Before we head off to our September adventures in France and Florida, I wanted to get another blog post up. Many of you have expressed interest in the way we prepare vegetable dishes, as that always seems to be a complaint. “I would eat healthier, except I just don’t have good veggie recipes!” And ain’t that the truth? Our vastly meat-eating culture has bang-up recipes for meats and starches, but not a whole lot of veggie dishes that don’t include bacon grease (although that is a good way to make any vegetable edible, see my brussels sprouts variation below)
Our household favorite veggies to eat: Roasted Carrots with Thyme
Preheat oven to 400. Peel carrots. Split them down the middle, length-wise. Arrange them on a sheet pan, toss with a bit of olive oil, salt and pepper. Sprinkle with fresh thyme leaves. Let bake for 20-30 min, until the small ends start to curl up and get a little charred. This is good – makes them taste like sweet potato fries!
Next: Roasted Butternut Squash with Pumpkin Pie Spice and Brown Butter
Yes, we have eaten this numerous times on weeks that we’ve lost weight. Moderation! All of these recipes require some effort. I’m sorry if you’ve come expecting to not have to chop anything. If you do, you don’t deserve how good this dish tastes (ouch! I know, but it’s true)
1-2 butternut squash – however many. 2 makes a good amount – perhaps 4-6 side dish servings. I cut the squash in half, then in half length wise, scoop out the seeds and discard, and then I get to chopping. I chop it into about 1/2 inch cubes – I cut the rind off (way easier than trying to peel those suckers) Once you get it all cubed up, put it on a baking sheet (with sides to prevent dripping) and roast in the oven with olive oil, salt and pepper at 400 for 30 min till the edges start to brown and they are really really tender. You may have to cook it longer depending on your oven (if it’s like ours, it lies to you about how hot it is)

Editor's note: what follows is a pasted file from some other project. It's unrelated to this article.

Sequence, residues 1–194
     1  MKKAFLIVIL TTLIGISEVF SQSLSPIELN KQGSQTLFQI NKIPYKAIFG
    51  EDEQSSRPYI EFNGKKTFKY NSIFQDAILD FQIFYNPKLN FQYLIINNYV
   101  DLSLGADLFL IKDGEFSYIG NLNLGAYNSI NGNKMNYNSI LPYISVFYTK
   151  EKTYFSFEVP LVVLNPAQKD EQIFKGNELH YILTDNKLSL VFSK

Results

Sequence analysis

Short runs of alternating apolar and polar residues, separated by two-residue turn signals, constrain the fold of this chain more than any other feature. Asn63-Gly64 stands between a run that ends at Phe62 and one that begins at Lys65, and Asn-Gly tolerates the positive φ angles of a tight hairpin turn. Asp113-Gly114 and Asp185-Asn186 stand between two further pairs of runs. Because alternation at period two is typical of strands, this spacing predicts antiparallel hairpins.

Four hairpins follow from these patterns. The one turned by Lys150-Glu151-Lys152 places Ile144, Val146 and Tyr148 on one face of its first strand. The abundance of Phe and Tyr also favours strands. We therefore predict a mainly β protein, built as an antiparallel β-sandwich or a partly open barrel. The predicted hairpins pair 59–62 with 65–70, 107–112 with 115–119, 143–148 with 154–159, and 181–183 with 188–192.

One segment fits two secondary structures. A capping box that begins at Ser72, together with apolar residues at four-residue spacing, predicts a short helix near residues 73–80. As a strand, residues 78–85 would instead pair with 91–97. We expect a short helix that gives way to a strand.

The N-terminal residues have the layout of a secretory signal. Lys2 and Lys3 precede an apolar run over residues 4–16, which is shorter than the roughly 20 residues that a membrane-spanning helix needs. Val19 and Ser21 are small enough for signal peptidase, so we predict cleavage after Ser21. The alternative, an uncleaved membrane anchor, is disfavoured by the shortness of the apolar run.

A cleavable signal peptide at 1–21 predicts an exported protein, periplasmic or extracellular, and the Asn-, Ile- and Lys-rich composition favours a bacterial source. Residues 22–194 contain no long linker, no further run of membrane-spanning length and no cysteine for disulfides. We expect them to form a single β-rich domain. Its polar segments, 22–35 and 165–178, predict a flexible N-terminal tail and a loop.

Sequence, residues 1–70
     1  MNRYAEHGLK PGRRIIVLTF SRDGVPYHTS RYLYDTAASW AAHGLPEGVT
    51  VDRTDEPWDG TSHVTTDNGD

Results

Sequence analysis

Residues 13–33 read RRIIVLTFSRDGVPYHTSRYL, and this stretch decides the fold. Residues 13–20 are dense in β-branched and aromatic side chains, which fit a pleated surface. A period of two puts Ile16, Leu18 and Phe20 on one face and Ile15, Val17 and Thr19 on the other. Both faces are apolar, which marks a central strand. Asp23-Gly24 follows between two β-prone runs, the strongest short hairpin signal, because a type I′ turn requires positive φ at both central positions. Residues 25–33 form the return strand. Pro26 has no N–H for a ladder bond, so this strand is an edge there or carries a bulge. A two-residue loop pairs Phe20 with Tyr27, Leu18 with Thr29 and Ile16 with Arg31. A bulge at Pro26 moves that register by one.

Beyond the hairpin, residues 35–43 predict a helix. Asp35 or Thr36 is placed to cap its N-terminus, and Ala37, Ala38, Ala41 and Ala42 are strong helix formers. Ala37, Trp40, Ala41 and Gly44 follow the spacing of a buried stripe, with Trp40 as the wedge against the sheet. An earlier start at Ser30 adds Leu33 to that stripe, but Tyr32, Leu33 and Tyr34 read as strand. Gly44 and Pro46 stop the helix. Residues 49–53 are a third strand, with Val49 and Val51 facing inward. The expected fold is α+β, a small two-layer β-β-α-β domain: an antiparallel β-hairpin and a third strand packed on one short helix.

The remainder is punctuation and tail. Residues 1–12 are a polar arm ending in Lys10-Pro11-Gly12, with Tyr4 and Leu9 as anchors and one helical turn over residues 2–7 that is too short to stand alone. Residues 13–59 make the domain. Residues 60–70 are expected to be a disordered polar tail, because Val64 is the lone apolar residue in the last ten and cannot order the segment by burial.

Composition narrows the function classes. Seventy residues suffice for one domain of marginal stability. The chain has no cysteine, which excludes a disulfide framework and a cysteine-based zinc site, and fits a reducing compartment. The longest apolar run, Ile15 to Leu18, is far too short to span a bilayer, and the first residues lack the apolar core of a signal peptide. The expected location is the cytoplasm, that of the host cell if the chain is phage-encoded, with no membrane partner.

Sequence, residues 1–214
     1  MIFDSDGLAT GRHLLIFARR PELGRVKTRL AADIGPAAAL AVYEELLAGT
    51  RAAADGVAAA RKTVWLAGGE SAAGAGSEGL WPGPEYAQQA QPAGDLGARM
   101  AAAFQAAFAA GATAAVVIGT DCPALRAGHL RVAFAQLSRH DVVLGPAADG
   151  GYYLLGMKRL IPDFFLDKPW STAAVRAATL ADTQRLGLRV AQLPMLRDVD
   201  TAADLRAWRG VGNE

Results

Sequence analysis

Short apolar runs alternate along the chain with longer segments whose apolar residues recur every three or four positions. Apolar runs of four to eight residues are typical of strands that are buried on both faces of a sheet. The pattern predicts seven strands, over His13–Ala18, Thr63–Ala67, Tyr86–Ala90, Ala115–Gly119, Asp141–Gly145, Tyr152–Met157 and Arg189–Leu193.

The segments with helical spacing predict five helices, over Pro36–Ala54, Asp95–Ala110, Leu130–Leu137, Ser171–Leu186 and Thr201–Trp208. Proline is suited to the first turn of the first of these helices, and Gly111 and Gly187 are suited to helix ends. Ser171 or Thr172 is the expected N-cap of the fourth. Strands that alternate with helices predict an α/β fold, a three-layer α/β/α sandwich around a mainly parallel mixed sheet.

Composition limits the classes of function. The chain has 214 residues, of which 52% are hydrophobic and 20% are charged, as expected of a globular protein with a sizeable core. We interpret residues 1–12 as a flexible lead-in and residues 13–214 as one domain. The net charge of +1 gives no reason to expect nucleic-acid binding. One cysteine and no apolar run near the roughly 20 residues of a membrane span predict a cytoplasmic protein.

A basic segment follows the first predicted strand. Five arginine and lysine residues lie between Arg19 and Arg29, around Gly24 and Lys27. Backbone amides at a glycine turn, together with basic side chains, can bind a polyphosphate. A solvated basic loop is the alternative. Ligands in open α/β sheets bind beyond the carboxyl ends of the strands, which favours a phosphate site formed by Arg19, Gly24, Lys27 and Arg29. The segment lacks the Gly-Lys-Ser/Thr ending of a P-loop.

Now, the magic. Take 2 tbs unsalted butter – heat over medium heat in a skillet till it starts to froth up and turn brown and smell like caramel. Remove from heat. Take your squash, put it in a bowl big enough to have room to toss the squash around, and sprinkle liberally with pumpkin pie spice. (if you don’t have it on hand, use nutmeg, only don’t be so liberal with it) Then, drizzle the browned butter and toss to coat. HOLY CRAP this is good stuff. We eat this alongside grilled chicken breast or some other lean protein. The key is balance. This is a more decadent dish so we serve it with something really simple.
Follow this simple formula for almost all green veggies:
Get a pot of water to a rolling boil – salt it with about 4 tbs salt. Toss in one of these:
Asparagus (ends trimmed)
Green Beans (ends trimmed)
Sugar Snap Peas (ends snapped off)
Snow Peas (ends snapped off)
Brussels Sprouts (ends cut off, cut in half or quartered if they are big boys)
and boil till it’s the tenderness you like. Remove from the water and shock under cold running water. Pat dry. Toss in a bowl with olive oil (1-2tbs) and salt and pepper, maybe a squeeze of lemon juice. Perfect. No need to get fussy, it’s so easy. To jazz up a brussels sprout, cook 2 strips of bacon, and after you’ve boiled and shocked your sprouts, toss them in a hot pan that you used to cook the bacon. Let it sear off a bit, toss the chopped two pieces of bacon back in and say hello to your new favorite veggie.
We also cook a LOT of stir-fry. It was easy to use the snow peas, bell pepper, onion, and garlic, toss in with shrimp, soy sauce, fish sauce, a little ginger and a tbs of sugar. We just don’t serve things over rice, alongside potatoes, with pasta, etc. We eat those things (complex carbs) on Saturdays and Sundays with much glee and frolicking. 🙂
And never, ever, underestimate our favorite, fast, simple lunch of turkey sausage, chopped up and heated on the stove with Bush’s Grillin Beans. It’s high class around here. But hey – it’s got a lot of protein, fiber and tastiness. And it’s crazy cheap.
FYI – if you want to enter a beautiful and amazing world of cooking vegetables the way they were meant to be cooked, get an Indian cookbook. Most Indians are vegetarians and they KNOW their vegetables. And can make them taste like main courses! One of our favorite books: